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Beyond year 2020: Constructive Alternativism is the only alternative

Covid-19 has pushed us towards a new reality. Work from home (WFH) is flourishing, online shopping is booming, online school education is a big relief for many households — and air travel has become truly onerous. But this too shall pass.

If there is one learning from this crisis, it is that we are living beyond the boundaries of nature. As human activity reduced due to lockdowns and restrictions, the pace at which air became cleaner, pollution reduced in water bodies and birds and animals made their presence felt, put the connection between human actions and environmental impact beyond doubt.

The numbers tell a clear story. In April 2020, a few weeks into the nationwide lockdown, particulate matter, PM10, reduced by 60% in Delhi’s air compared to pre-Covid times. PM2.5 was down by 39% too. Mumbai’s best-ever air quality index (AQI) of 17 was recorded on June 4. Compare this with AQI between 301and 400 in January 2019.

With regular life limping back to normal, Mumbai’s AQI has already shot up to 378. In 2019, 21Indian cities featured as the world’s 30 worst polluted cities. During the lockdown, the list had only two Indian cities. CO2 emissions reportedly reduced by 8.6% during January-June 2020 compared to the same period in 2019. This is the reduction required every year, without any lockdowns, if we are to achieve our climate goals.

The random, uncontrolled, Covidinduced disruption has brought migrant workers into sharp focus. This large labour force has been an unsung facet of India’s industrial progress and infrastructure creation. Their remittances have been the cornerstone of growth in rural consumption and enhanced rural resilience. Yet, when the disruption occurred, migrant workers bore the brunt of it.

Migrant families usually live in very crowded spaces with poor access to ventilation, water and sanitation. Covid-19 made these living conditions very unsafe, and many migrants chose to make arduous journeys back to their villages and hometowns. The search for livelihood will bring the workers back. But will they get a better deal?

It is widely acknowledged that many micro, small and medium enterprises (MSMEs) will find it difficult to weather the economic storm. Measures have been taken by government and large industry to reduce their hardships. But small retailers and small service-oriented businesses are not covered by these actions. How many such businesses will be consumed by the shock? And what effect will it have on society?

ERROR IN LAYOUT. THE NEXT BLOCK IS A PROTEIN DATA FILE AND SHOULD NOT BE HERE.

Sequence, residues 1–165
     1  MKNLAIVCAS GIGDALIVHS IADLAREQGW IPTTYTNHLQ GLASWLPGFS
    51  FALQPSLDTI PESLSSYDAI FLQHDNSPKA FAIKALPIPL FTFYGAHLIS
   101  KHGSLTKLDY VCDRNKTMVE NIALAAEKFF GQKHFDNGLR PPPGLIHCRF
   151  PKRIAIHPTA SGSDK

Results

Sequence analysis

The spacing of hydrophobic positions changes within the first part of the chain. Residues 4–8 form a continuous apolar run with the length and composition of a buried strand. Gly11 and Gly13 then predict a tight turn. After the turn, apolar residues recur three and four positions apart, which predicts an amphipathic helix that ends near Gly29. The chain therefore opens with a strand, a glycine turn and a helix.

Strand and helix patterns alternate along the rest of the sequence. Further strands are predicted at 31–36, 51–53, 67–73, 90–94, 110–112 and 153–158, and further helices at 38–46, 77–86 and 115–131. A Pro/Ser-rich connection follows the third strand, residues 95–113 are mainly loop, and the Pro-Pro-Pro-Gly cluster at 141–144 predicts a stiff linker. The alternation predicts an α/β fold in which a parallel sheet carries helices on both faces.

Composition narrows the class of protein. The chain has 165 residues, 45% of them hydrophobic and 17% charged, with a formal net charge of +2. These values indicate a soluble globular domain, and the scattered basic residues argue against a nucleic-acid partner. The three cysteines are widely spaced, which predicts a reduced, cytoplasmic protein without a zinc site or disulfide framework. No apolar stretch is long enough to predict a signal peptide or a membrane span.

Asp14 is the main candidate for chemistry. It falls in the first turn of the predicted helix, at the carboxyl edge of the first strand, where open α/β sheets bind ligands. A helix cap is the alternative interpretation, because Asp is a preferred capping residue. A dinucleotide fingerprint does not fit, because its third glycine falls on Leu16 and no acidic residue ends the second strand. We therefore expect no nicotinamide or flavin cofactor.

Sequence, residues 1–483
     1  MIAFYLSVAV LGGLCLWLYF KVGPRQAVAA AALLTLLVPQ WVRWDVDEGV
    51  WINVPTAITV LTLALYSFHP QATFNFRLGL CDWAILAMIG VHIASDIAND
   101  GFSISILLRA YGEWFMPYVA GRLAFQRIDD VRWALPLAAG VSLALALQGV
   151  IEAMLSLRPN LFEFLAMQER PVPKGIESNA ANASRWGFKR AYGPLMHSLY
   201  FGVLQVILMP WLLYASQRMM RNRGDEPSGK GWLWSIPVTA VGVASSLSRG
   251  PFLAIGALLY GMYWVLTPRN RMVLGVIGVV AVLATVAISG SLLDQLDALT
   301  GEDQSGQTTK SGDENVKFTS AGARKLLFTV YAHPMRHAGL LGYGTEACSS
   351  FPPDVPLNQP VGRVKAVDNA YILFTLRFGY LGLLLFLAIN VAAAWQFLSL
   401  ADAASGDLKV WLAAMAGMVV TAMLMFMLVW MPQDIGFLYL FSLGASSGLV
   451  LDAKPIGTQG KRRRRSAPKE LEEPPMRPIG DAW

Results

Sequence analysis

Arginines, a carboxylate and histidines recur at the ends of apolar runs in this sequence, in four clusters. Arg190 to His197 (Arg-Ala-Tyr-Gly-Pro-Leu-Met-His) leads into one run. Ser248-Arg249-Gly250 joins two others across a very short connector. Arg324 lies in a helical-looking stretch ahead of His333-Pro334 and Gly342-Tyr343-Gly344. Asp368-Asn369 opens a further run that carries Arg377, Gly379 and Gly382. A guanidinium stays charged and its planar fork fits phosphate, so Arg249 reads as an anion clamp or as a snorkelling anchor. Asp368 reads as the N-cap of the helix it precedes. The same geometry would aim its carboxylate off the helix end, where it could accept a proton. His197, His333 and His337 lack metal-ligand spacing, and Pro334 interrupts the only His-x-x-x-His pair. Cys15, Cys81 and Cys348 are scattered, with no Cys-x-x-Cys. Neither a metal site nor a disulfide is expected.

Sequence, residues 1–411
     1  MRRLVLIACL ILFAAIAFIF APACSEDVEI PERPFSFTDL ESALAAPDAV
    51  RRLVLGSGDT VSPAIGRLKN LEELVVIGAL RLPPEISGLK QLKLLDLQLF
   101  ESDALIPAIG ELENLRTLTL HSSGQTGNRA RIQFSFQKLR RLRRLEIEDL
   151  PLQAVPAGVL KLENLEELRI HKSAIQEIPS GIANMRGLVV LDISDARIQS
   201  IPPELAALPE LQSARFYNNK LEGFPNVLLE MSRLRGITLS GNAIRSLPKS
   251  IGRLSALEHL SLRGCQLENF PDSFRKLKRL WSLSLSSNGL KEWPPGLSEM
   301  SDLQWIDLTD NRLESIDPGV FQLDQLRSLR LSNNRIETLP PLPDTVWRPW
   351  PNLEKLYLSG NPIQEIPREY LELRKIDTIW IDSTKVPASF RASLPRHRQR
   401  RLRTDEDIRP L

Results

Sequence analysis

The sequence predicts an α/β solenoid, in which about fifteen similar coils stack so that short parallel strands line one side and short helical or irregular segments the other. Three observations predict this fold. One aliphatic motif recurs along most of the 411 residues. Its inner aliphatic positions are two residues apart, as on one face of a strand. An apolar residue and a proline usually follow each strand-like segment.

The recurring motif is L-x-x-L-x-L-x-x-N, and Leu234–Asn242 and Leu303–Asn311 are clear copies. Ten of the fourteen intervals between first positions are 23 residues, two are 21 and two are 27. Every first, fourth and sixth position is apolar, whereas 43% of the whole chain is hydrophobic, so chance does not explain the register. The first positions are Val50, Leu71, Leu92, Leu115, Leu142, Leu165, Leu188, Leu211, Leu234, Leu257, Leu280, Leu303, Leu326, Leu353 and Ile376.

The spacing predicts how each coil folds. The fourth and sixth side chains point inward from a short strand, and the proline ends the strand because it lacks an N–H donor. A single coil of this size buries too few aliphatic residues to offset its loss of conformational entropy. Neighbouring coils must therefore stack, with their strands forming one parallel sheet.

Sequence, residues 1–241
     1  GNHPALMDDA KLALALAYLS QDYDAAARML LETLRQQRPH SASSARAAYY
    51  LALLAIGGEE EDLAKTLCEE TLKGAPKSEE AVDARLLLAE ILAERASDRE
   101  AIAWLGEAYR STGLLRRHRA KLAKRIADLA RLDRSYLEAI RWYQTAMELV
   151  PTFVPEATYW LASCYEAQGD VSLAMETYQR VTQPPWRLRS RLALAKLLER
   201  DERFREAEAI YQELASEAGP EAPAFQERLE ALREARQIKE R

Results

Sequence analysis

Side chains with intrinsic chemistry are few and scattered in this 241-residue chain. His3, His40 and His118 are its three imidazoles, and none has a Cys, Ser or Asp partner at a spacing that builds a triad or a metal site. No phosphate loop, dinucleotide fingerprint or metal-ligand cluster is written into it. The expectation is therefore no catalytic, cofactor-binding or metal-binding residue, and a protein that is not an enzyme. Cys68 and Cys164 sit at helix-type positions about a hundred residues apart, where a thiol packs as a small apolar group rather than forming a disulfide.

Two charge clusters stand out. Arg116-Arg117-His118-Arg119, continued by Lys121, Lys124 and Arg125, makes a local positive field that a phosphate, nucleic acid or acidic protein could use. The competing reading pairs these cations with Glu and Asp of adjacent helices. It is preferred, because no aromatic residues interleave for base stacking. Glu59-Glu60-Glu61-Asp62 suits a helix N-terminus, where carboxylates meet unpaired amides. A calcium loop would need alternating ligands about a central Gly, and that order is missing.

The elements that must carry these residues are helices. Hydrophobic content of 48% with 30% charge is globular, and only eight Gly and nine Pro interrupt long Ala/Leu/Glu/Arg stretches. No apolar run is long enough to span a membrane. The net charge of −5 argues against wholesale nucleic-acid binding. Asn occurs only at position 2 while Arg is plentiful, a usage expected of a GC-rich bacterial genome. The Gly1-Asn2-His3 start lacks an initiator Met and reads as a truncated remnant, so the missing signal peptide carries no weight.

All is not gloomy, though. Airlines are flying at near-capacity, although on a restricted schedule. Two-wheeler manufacturing companies report that they are back to 80% capacity utilisation compared to pre-Covid levels. But these aren’t green shoots, as emissions are going right back up again even at lower levels of activity. Real profit is created by ensuring the well-being of people and the planet. Otherwise, profit realised is value taken away from future generations. Will we create an economy that is vibrant, equitable and operates within natural boundaries?

In the middle of this muddle, we have discovered what ‘essential’ means. It means food and farmers and truck drivers. It means medicine and doctors and hospitals. It means homes and electricity and water and internet and money. It means family and friends. It does not mean hedge fund managers, lawyers, actors or reality TV stars. In this crisis, we’ve seen UN’s Sustainable Development Goal No. 8 (SDG 8) — decent work and economic growth — suffer. All SDGs related to the well-being of people took a severe beating simultaneously.

The economist Milton Friedman had once said, ‘Only a crisis — actual or perceived — produces real change. When that crisis occurs, the actions that are taken depend on the ideas that are lying around.’ We are in a crisis if ever there was one. And one of the ideas lying around is that of building back better. Of pursuing low climate solutions, of accelerating the path to a net-zero emission world, of following the path of ‘alternativism’ to build a better, more humane world.

The reality is that solutions are not going to be found through conventional, orthodox approaches, but rather through constant experimentation and application of new methods, whether they are new business models, new hiring practices, or a unique way of leveraging new technology.

2020 was to be a super year for climate action. It was to have flagged off a glorious decade of development. Prior to 2020, we were trying to reboot the world while it was alive and kicking and making very little progress. The world is gasping now. Will we innovate our way to a better world? Your guess is as good as mine, but I choose to remain a prisoner of hope.

  • The editorial was published in The Economic Times Newspaper